Gâteau basque

This subtle and elegant cream-filled cake is hard to find outside the French Basque country — an incentive to make it yourself. Even in Paris, it’s rare to come across a pastry shop proposing gâteau basque, which is surprising because bistros around here regularly offer other Basque dishes. Making the cake is a bit of a production — the delicate dough has to chill for a couple of hours, and is then rolled out — but the effort will win you applause.

Gâteau basque/ Basque cake

There are actually two types of gâteau basque. This one is filled with pastry cream lightly flavored with rum and vanilla, while the other is filled with black cherry jam (and purists insist that only Itxassou cherry jam, from the region, may be used). In the first, the pastry is flavored with lemon zest, and in the second with almond extract. The cake is said to have been popularized in the 19th century by a pastry chef from the spa town of Cambo-les-Bains, who used a recipe inherited from her mother. The Basques are so proud of this cake that there is an annual Gâteau basque festival in the town and a Basque cake museum devoted in Sare, a village nestled in the Pyrénées foothills on the border of Spain.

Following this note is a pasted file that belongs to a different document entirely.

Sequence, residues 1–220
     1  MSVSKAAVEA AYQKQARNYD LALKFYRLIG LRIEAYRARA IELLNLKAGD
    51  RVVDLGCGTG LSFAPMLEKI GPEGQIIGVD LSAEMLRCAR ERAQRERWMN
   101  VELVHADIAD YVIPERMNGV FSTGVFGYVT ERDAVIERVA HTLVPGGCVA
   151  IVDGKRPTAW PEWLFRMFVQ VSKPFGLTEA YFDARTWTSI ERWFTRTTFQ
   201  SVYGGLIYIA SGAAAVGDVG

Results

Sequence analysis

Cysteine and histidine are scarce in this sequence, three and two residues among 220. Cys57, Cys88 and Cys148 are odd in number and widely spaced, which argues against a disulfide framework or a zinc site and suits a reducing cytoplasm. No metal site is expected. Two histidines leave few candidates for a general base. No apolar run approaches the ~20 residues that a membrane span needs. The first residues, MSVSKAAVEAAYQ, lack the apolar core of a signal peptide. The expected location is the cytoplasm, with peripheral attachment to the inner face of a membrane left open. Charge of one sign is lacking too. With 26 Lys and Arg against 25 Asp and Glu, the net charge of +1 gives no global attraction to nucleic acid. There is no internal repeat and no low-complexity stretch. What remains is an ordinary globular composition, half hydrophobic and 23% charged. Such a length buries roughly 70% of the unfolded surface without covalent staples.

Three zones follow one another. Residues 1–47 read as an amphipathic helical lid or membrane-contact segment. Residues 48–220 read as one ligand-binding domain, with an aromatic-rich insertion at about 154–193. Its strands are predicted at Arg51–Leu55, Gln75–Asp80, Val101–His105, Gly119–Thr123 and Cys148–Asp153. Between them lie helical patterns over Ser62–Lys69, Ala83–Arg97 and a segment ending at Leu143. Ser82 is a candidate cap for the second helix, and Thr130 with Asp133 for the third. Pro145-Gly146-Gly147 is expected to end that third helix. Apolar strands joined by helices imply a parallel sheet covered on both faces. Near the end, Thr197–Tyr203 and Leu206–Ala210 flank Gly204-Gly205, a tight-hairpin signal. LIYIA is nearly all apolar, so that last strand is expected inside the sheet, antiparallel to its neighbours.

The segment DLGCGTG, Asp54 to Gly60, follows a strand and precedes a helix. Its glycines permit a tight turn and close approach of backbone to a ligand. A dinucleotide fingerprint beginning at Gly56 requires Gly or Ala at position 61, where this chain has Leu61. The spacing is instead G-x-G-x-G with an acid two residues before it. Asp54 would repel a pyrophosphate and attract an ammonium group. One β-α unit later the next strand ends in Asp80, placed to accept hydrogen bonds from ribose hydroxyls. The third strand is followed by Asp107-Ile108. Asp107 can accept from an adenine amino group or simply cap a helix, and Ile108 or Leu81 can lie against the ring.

While gâteau basque is not generally on my culinary agenda, I had the occasion to make it recently when one of my cooking students, a delightful woman from Japan, got in touch and asked me to include it in her lesson. I did a practice run ahead of time, and found the assembly to be quite tricky. The dough is beaten, as for a cake, then chilled and rolled, as for a pie. As it’s extemely tender, transferring it to the cake pan can be challenging. On the other hand, making the pastry cream is simple. When the cake has been put together, it gets an egg glaze and then a criss-cross pattern is etched on top with the tines of a fork. Fun! When Keiko and I made it together, it turned out perfectly.

This is a cake for special occasions. If you’d like to create a Basque meal to precede it, you could start with grilled squid with garlic and parsley, and serve Basque chicken with peppers and tomatoes as a main course. The cake may also be served at tea time. As for drinks to go with, unless you’re a Basque purist I’d recommend Champagne.

Happy cooking.

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